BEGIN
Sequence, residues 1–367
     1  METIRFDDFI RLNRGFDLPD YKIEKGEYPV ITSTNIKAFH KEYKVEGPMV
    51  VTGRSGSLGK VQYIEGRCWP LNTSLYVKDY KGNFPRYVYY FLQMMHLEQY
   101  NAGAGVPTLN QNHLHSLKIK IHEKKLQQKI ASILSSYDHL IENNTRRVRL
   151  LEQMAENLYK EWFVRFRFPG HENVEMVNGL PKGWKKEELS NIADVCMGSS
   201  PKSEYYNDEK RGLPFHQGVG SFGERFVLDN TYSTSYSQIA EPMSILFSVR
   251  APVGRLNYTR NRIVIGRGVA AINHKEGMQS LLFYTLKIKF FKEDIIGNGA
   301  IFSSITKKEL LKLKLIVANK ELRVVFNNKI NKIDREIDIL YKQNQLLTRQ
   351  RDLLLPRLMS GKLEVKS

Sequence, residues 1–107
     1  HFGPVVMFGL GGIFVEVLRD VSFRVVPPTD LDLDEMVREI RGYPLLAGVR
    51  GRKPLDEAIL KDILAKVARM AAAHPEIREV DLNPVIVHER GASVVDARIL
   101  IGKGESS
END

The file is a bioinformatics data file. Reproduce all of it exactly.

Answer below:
Sequence, residues 1–367
     1  METIRFDDFI RLNRGFDLPD YKIEKGEYPV ITSTNIKAFH KEYKVEGPMV
    51  VTGRSGSLGK VQYIEGRCWP LNTSLYVKDY KGNFPRYVYY FLQMMHLEQY
   101  NAGAGVPTLN QNHLHSLKIK IHEKKLQQKI ASILSSYDHL IENNTRRVRL
   151  LEQMAENLYK EWFVRFRFPG HENVEMVNGL PKGWKKEELS NIADVCMGSS
   201  PKSEYYNDEK RGLPFHQGVG SFGERFVLDN TYSTSYSQIA EPMSILFSVR
   251  APVGRLNYTR NRIVIGRGVA AINHKEGMQS LLFYTLKIKF FKEDIIGNGA
   301  IFSSITKKEL LKLKLIVANK ELRVVFNNKI NKIDREIDIL YKQNQLLTRQ
   351  RDLLLPRLMS GKLEVKS

Sequence, residues 1–107
     1  HFGPVVMFGL GGIFVEVLRD VSFRVVPPTD LDLDEMVREI RGYPLLAGVR
    51  GRKPLDEAIL KDILAKVARM AAAHPEIREV DLNPVIVHER GASVVDARIL
   101  IGKGESS